OTTAWA — The Trudeau government has diminished Prairies representation in federal cabinet, removing Manitoba MP Jim Carr while signalling a more aggressive climate-change agenda.
"We have lost out, as a province," Royce Koop, a political scientist at the University of Manitoba, said in the wake of Tuesday's announcement.
Winnipeg MP Dan Vandal (Saint Boniface—Saint Vital) has retained only a minor cabinet post, as has the only Alberta minister named in a shuffle following last month's election.
"I do have concerns about the absence of a real, senior portfolio minister from Manitoba, or the Prairies as a whole," Koop said, noting there are now 39 ministers, including Prime Minister Justin Trudeau.
Carr (Winnipeg South Centre) has been a cabinet minister since Trudeau first led government in 2015, including as Carr recovered from a blood cancer.
In an interview, Carr said his health was good enough to take on a cabinet role.
Vandal remains northern affairs minister but with added responsibility as the lead for the granting agency Prairies Economic Development Canada and its equivalent for the territories. Those roles were all taken from previous cabinet postings, covering Indigenous and northern affairs, as well as economic development writ large.
Vandal is now the only cabinet minister from Manitoba; the Liberals have four seats in the province.
Carr had served as Trudeau's special representative for the Prairies since 2019, as he underwent cancer treatment. Before that, he served as the minister overseeing energy and non-U.S. trade — two complex files.
"Even people that were not Liberals would recognize that he had a real voice at the cabinet table," Koop said.
To that end, Conservative MP James Bezan (Selkirk—Interlake—Eastman) said the federal cabinet should have a Manitoban in a senior role and that has been the practice regardless of whether the Tories or Liberals were in power.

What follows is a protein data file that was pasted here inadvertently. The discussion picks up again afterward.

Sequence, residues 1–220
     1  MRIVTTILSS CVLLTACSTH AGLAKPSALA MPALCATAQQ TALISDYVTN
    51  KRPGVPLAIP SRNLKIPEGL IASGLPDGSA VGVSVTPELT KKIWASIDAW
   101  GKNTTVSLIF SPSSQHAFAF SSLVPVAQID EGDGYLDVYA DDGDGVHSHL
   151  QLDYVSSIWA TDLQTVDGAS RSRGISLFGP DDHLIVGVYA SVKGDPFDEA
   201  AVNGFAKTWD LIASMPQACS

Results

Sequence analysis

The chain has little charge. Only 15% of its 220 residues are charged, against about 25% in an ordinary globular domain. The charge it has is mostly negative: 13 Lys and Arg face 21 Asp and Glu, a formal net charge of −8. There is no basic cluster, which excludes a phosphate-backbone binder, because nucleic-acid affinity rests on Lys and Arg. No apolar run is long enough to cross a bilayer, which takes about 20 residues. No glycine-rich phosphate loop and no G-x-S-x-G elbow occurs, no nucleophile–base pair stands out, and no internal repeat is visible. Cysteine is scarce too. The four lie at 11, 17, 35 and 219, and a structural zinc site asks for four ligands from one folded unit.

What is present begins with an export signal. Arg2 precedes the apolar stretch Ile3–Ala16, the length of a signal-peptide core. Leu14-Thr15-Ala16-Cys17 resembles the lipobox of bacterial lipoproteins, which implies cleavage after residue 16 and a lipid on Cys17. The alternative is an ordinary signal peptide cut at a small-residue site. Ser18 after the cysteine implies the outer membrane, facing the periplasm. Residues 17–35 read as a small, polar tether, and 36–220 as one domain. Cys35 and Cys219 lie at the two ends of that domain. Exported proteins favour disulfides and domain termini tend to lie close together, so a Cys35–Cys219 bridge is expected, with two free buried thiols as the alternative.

"I would hope that somebody would've been put on the front bench, in a major portfolio, from Manitoba," said Bezan.
The western separation movement and feelings of isolation from Ottawa persist in his riding and across the Prairies, even if there aren't ongoing protests, he said.
The only other Prairies voice in cabinet will be Edmonton MP Randy Boissonnault, who was named to junior post of tourism minister.
Bezan pondered neither Vandal nor Boissonnault will be named to the powerful cabinet committee that sets government priorities.
"We have a prime minister that doesn't care about Western Canada," Bezan argued.
Vandal disagreed: "Nothing can be further from the truth," he said Tuesday.
While Vandal didn't contest his role won't be on the front bench, the Liberals demonstrated they care about the region by boosting funding and staffing for a granting agency, which he'll now oversee, he said,
"For the first time, the economic development strategy for the Prairies, which we've worked a long time to achieve, is going to be centred in Winnipeg."
Carr told the Free Press it's up to Trudeau to decide who is in cabinet and who makes the front bench.
"The prime minister has the vista of the entire country, and the pool of talent available to him, and he makes those decisions," said Carr. "These are the decisions that he has made; I don't second-guess them."
At a news conference, Trudeau refused to give a rationale for removing Carr and now former foreign minister Marc Garneau, instead saying he was excited about his new team.
Carr was reflective Tuesday, saying he was grateful to represent Canada abroad and the region at the cabinet table, while adding he will continue representing his riding.
"These moments are significant. The way I'm built is I look at the next opportunity and, in my case, other ways I can serve my country... That's what I intend to do," he said.
Trudeau will have to be careful in how his government handles issues disproportionately impacting western provinces, such as COVID-19 hospitalizations and transitioning away from fossil fuels, Koop said.
"He could have appointed maybe a second minister from Manitoba, where there are more choices, and could have addressed this question of whether the Prairies are not being adequately represented in cabinet," he said.
Trudeau has appointed longtime Quebec climate-change activist Steven Guilbeault as environment minister. The Montreal MP scaled the CN Tower in Toronto as part of a Greenpeace protest in 2001.
Guilbeault said Tuesday Canada must be more ambitious while not leaving regions behind; Bezan countered the appointment was a bad sign for the oil sector.
"There are too many inexperienced people with certain ideologies, which will work against the economic recovery that we need after the pandemic," the Manitoba MP said.
Guilbeault had served as Trudeau’s heritage minister before this year’s election, where his unclear messaging around regulating online content and social media drew ire from the opposition.
As environment minister, he replaces Vancouver MP Jonathan Wilkinson, who takes over as energy minister, overseeing subsidies and grants for both the oil sector and green vehicles, through Natural Resources Canada.
Wilkinson hails from Saskatchewan, where the Liberals failed to win a single seat in the 2019 and 2021 elections.